College football's second season has been under way in Iowa City since November 23, by which point the Iowa Hawkeyes failed to qualify for a bowl and their season effectively ended.
As the Hawks have had two young teams in a row, few freshmen from next year's class are likely to play in 2013, let alone make the depth chart. This is complicated by what is shaping up to be a fairly weak recruiting class.
That doesn't mean some freshmen won't take the field.
The key criteria used to predict which freshmen have a shot at making the depth chart next year concerned whether they were ready physically, the abilities they've already demonstrated and where Iowa is most in need of immediate help.
It's still a long way to signing day—February 6—and that means that more prospects could commit to the Hawkeyes. It also means many of the current commits could choose other options. Nonetheless, right now, the following the players have the best shot of finding themselves somewhere on the depth chart on opening day.
Scout Profile: No. 41 safety in the country
Rivals Profile: No. 51 safety in the country
ESPN Profile: No. 36 safety in the country
The safeties that currently make up the depth chart have a lot to answer for in 2013. In 2012, the Hawkeyes played musical chairs at the safety position, and none of the five safeties who earned played time performed especially well.
Much of this has been the product of terrible recruiting at the position over the last few years.
If 4-star Michigan safety Delano Hill had opted to stick with Iowa instead of flipping to the Wolverines, he would have been almost a lock to burn his redshirt.
As it is, Warfield looks to be the best most game-ready safety prospect on Iowa's current verbal list.
However, if the lowest of Warfield's listed weights—170 pounds on Rivals—is accurate, he will be considerably lighter than where he needs to be to play Big Ten football.
Hopefully, he knows how to play smart and technically sound, because a safety that burns his redshirt is likely to play on the suicide squad—i.e. kick return coverage.
Scout Profile: No. 50 safety in the country
Rivals Profile: No. 32 safety in the country
ESPN Profile: No. 37 safety in the country
Rucker is in the same position as Warfield.
Rucker might be slightly more versatile and durable than Warfield as well. All three of the sites list him as 175 pounds, though he is also listed as between 5'11" and 6'0". In other words, while Solomon is most likely 6'0" and the least of his weights—170 pounds—Rucker is most likely 5'11" and 175 pounds. Therefore, he has more mass density and is slightly more physically ready for collegiate football.
Either way, the Iowa safety position group is in such a state that it is possible and even probable that at least two true freshmen could burn their redshirts as well as find themselves on the depth chart.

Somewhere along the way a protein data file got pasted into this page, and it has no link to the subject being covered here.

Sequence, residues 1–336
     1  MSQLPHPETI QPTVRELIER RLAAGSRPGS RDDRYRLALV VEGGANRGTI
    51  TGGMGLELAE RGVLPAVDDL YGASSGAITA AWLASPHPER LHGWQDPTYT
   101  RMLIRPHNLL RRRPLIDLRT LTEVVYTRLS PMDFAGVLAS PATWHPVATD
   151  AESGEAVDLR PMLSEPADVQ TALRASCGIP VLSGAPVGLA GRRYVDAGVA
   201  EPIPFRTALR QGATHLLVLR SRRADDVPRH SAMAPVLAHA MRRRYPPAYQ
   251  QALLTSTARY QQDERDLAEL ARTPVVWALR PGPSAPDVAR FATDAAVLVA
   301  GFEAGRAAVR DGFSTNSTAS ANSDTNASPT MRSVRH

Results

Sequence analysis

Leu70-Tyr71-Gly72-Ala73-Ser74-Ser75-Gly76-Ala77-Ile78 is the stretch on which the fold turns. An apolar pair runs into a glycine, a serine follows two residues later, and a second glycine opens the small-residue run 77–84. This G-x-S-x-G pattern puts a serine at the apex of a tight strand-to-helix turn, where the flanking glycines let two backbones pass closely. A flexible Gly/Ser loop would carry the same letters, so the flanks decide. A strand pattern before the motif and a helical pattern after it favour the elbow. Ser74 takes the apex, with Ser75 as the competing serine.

Scout Profile: No. 210 receiver in the country
Rivals Profile: No national ranking; listed as athlete
ESPN Profile: No. 78 athlete in the country
Under normal circumstances, Harris would be unlikely to take a snap in an Iowa uniform for at least a year, regardless at which position he winds up.
He is listed as anywhere between 5'11" and 6'1" and 157 pounds to 170 pounds. In short, no matter how one spells it out, he is a string bean.
On the other hand, all three recruiting sites agree on one thing: Harris is fast. Both Rivals and ESPN list his 40 time as 4.44 seconds, while Scout doesn't have a measurement. Needless to say, at his weight, he will have to be fast.
With that in mind, one thing that offensive coordinator Greg Davis has made abundantly clear—as he did in this preseason article by the Cedar Rapid Gazette's Scott Dochterman—is that he wants speed at the receiver positions, something that was lacking last year.
Given Harris' current physical stature, he could break in two if he takes one solid hit. Perhaps he will just have to avoid getting tackled.
As an aside, Harris will not see the playing field in 2013 if the coaches put him on the defensive side of the ball.
Scout Profile: No. 85 receiver in the country
Rivals Profile: No national ranking
ESPN Profile: No. 155 receiver in the country
As with Harris, if one is to believe the recruiting sites, Willies has the speed that Greg Davis covets.
On the other hand, unlike Harris, Willies' size is not a liability.
In effect, it is unlikely he runs the 40 in 4.4 seconds as Rivals reports. If he did, given his reported size—between 6'3"-6'4" and between 190-195 pounds—he would be more than a 3-star receiver and would have more offers than Iowa, Iowa State and Northern Illinois.
As Iowa is and will continue to look for playmaking receivers wherever it can find them, Willies will have a good shot to see immediate playing time.
Scout Profile: No. 97 running back in the country
Rivals Profile: No national ranking; listed as a running back
ESPN Profile: No. 133 running back in the country
Currently, Iowa has plenty of tailbacks. All of them are healthy—Barkley Hill is recovering from an ACL tear sustained in August—academically eligible and presumably committed to staying at Iowa.
If things stay as they are now, Daniels won't see the field in 2013, at least not as a tailback.
However, if things go as they have gone for Iowa running backs—if AIRBHG rears his vengeful head—Daniels could be starting by October.
By that same logic, he could also transfer by December.
On the other hand, Daniels is listed on all three sites as between 215-220 pounds and between 5'11"-6'0". Therefore, he is physically ready for the next level of football, and he could move to fullback, a position at which Iowa is woefully understaffed.
Another option is a 30-40 pound weight gain and a move to defensive end, though if that were to take place he wouldn't see the playing field in 2013.